“There are five rows of five blocks each in the body of the quilt. The quilt blocks are 5x8 finished.  Book covers alternate with blocks of pieced batiks, each containing eight different fabrics.  I placed the blocks based on the colors of the adjacent book covers. No two batik blocks are alike.  The top row consists of one book cover placed horizontally and four sawtooth stars.

First I stitched- in- the- ditch around each block.  Then I heavily quilted each batik block. I used a decorative stitch on the sashing.  The thread is variegated in shades of yellow and orange.  All this firmly anchored the quilt together.

I wanted the book covers to be the focal point so did not want quilting to overwhelm the image.  I used outline and echo quilting mostly, with a few instances of decorative stitching.   The thread color was dictated by the color or colors in the cover, so the quilting would blend in.  Some book covers required more than one color thread.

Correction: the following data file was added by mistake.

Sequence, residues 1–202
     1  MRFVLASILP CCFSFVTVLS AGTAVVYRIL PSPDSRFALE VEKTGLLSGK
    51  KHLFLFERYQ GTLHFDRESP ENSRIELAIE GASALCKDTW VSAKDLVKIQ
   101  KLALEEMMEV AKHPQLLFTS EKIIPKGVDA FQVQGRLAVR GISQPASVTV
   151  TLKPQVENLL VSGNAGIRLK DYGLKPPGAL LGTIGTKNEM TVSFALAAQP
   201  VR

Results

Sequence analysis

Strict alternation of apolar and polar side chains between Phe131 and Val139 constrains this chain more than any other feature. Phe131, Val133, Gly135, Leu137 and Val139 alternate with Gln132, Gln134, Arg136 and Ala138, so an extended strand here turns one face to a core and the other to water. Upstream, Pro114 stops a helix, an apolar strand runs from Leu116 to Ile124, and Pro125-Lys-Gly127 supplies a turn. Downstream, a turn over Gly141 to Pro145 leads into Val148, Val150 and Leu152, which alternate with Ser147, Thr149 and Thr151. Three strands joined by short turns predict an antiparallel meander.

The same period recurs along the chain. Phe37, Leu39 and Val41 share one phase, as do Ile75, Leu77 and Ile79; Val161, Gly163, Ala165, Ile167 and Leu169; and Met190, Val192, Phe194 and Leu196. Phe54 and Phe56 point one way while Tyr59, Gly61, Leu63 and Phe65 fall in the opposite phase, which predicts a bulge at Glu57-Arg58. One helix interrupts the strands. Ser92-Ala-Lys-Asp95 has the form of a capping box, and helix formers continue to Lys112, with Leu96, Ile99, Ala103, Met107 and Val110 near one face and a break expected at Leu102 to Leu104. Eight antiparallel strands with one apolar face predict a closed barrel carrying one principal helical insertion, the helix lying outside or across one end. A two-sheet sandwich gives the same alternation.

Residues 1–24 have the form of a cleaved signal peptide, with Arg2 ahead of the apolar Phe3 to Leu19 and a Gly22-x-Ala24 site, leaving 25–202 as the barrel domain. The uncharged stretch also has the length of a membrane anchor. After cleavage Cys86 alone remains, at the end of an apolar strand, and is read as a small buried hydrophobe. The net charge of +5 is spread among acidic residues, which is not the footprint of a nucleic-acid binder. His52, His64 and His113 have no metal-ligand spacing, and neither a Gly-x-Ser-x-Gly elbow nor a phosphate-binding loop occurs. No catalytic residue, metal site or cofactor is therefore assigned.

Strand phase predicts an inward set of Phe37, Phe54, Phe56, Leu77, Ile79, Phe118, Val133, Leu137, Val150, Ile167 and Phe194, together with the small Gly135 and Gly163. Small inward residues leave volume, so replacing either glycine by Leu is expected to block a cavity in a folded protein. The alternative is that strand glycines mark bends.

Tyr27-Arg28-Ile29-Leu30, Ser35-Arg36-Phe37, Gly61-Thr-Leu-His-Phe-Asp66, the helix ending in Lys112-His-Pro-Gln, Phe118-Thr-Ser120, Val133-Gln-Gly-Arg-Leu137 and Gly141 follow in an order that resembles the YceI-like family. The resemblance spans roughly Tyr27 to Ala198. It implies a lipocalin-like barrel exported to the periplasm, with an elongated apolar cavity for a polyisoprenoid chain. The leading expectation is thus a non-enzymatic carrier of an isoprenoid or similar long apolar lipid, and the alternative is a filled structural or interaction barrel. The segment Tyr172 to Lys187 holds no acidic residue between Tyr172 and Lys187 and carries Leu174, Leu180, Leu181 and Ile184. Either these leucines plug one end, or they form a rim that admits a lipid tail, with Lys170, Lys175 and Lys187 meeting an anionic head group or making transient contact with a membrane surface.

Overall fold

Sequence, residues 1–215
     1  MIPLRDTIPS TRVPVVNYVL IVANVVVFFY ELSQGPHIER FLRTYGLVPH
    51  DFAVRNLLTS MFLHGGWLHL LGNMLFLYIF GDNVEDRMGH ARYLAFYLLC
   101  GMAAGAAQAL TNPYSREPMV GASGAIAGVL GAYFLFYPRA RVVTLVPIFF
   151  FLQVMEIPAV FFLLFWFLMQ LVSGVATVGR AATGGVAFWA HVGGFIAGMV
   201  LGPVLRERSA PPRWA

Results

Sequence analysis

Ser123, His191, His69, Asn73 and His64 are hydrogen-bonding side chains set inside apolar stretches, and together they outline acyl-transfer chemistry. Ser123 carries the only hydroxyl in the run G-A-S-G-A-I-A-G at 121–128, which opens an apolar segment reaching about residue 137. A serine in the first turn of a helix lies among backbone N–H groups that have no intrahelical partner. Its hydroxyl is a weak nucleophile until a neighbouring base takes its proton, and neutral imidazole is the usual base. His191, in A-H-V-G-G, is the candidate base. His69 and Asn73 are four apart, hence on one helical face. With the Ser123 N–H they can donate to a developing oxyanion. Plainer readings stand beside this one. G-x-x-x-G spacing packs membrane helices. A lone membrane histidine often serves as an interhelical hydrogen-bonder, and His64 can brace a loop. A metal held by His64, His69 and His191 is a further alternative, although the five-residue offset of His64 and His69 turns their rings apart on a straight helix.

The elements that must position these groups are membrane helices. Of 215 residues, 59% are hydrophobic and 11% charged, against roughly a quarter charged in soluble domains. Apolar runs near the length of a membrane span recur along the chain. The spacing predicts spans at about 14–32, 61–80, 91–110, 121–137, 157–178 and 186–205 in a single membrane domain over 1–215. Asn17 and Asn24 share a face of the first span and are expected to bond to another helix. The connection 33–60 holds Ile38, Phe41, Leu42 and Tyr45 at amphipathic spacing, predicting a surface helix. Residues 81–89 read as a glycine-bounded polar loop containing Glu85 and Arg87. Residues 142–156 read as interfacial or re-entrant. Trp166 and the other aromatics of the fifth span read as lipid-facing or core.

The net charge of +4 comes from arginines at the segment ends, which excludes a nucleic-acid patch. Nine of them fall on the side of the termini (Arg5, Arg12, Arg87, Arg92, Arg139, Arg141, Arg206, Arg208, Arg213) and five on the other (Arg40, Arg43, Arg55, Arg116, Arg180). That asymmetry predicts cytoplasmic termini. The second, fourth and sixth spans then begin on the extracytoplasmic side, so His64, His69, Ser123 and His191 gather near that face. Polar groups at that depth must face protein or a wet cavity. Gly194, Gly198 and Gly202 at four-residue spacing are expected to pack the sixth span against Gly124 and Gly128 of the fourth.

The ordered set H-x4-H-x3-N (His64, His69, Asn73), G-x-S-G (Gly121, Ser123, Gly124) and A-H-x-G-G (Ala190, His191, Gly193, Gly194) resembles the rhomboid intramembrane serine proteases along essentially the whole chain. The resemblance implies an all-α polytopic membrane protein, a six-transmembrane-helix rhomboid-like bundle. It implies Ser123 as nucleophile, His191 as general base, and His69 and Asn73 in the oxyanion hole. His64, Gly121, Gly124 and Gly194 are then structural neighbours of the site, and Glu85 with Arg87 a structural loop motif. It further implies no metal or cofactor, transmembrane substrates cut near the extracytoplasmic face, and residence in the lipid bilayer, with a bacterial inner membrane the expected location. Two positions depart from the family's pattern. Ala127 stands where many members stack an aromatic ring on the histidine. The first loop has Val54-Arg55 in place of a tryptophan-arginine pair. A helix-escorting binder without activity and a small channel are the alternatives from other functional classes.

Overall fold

The printed book cover fabric is a bit thicker and stiffer than quilting fabric.  I used a thin, sharp needle (size 11) to quilt the covers, and I changed needles often.

The border fabric of green tone on tone and the four corner stars are quilted with variegated green thread, from light to dark.

Luckily the backing fabric of aloha shirts is very colorful, so all the different thread colors blend in nicely.  Incidentally, I found that fabric one and a half years ago and it screamed “Jay” so I bought it immediately.”

I hope that's helpful.


Photos © 2011, Joseph E. Lake, Jr.

Creative Commons License

This work by Joseph E. Lake, Jr. is licensed under a Creative Commons Attribution-Noncommercial-Share Alike 3.0 United States License.